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GAM Holding Client Assets Little Changed on Weaker Dollar

Oct. 22 (Bloomberg) -- GAM Holding AG, the Swiss money manager that split from Julius Baer Group Ltd. four years ago, said assets under management were little changed in the third quarter.

Client assets as of Sept. 30 were “flat,” compared with the 116.6 billion Swiss francs ($129 billion) reported at the end of June, Zurich-based GAM Holding said today in an e-mailed statement. The company had “small net outflows,” in the period, said Larissa Alghisi, a spokeswoman for the firm.

The weakening of the U.S. dollar by almost 5 percent against the Swiss franc depressed managed assets, which were otherwise helped by a rebound in market performance in the third quarter, the company said.

Client assets were “a touch below expectations,” Daniele Brupbacher, a Zurich-based analyst at UBS AG, said in a note to clients today. “Outflows in mainly lower-margin products were offset by inflows into higher-margin products.”

GAM Holding was unchanged at 17 francs at 12:41 p.m. in Swiss trading, leaving this year’s advance at 38 percent, compared with a 24 percent gain for the 107-member Bloomberg European Financial Index.

Gross Margin

GAM Holding had withdrawals from third-party managed money market funds as well as closures and redemptions of offshore funds in its private-labeling unit. That business is expected to report a gross margin of about 9 to 10 basis points this year, according to Alghisi. A basis point is one hundredth of a percentage point.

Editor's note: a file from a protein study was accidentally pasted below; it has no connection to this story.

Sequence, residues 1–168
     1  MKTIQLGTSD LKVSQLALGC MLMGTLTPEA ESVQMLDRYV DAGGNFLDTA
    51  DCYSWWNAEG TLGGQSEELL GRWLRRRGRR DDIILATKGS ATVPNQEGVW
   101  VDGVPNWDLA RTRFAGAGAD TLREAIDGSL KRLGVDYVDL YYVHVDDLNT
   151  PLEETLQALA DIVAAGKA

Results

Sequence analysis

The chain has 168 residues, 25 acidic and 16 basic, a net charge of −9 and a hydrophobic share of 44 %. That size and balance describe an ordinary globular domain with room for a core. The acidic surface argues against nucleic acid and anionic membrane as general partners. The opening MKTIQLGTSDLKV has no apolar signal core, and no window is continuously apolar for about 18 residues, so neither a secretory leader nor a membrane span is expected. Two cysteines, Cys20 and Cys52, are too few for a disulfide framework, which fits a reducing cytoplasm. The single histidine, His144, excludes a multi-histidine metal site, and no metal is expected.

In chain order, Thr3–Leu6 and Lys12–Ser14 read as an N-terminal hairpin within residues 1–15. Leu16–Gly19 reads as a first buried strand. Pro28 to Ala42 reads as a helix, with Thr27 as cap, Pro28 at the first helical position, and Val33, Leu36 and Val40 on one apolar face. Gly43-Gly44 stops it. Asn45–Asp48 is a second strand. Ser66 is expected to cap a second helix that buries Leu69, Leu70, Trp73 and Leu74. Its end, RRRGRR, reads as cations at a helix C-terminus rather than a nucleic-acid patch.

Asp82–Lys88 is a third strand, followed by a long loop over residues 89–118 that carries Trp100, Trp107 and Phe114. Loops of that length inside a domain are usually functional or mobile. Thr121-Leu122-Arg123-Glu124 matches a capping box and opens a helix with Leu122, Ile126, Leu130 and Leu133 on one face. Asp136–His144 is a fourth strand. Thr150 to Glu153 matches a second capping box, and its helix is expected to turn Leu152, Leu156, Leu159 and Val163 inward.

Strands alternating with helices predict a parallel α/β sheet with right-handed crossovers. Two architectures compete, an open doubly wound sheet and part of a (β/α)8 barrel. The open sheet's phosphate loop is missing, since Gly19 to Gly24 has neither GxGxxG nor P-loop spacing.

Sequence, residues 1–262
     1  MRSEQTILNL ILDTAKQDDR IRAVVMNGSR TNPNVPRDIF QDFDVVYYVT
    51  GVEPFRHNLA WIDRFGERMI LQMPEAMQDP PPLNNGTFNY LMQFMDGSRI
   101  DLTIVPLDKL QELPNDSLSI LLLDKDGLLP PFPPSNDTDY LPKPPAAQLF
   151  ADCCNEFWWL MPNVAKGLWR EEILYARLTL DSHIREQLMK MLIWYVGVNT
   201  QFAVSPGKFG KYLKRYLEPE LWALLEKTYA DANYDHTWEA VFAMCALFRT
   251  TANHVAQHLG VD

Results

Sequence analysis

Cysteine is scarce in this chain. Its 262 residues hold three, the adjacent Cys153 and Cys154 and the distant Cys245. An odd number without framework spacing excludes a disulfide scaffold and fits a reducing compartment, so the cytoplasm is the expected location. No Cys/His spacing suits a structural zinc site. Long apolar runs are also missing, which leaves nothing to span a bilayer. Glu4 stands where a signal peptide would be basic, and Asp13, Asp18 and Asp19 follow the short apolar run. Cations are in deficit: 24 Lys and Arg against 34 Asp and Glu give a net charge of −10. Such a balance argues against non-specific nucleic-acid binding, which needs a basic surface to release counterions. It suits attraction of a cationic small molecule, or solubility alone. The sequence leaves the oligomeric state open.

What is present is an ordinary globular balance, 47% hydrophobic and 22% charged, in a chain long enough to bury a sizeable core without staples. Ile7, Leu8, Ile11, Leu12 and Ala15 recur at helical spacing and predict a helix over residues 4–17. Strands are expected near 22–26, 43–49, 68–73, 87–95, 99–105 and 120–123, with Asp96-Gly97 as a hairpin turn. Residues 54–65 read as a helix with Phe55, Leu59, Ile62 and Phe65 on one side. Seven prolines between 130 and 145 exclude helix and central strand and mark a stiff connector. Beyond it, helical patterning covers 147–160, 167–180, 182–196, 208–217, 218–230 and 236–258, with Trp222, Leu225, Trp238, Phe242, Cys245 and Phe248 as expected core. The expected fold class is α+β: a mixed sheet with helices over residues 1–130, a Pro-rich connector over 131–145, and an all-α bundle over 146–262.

The gross margin at its more profitable investment management unit was helped by inflows into single manager hedge funds. The full-year gross margin will be between 80 and 85 basis points at that unit, GAM Holding Chief Executive Officer David Solo said in August. A U.S. public pension fund added money to the alternative investments business and customers bought Julius-Baer branded equity funds.

“We expect managed assets to increase in the remainder of this year and profitability should improve as the company focuses more on its higher-margin business and keeps tighter control over costs,” said Peter Lenardos, a London-based analyst with RBC Capital Markets.

GAM Holding said it reduced the quarterly volume of shares repurchased as part of a three-year buyback initiative. The company, which began that initiative in 2011, said it will place a “stronger emphasis” on dividends, while sticking to a payout ratio of approximately 50 percent of underlying profit.

To contact the reporter on this story: Giles Broom in Geneva at gbroom@bloomberg.net

To contact the editor responsible for this story: Frank Connelly at fconnelly@bloomberg.net

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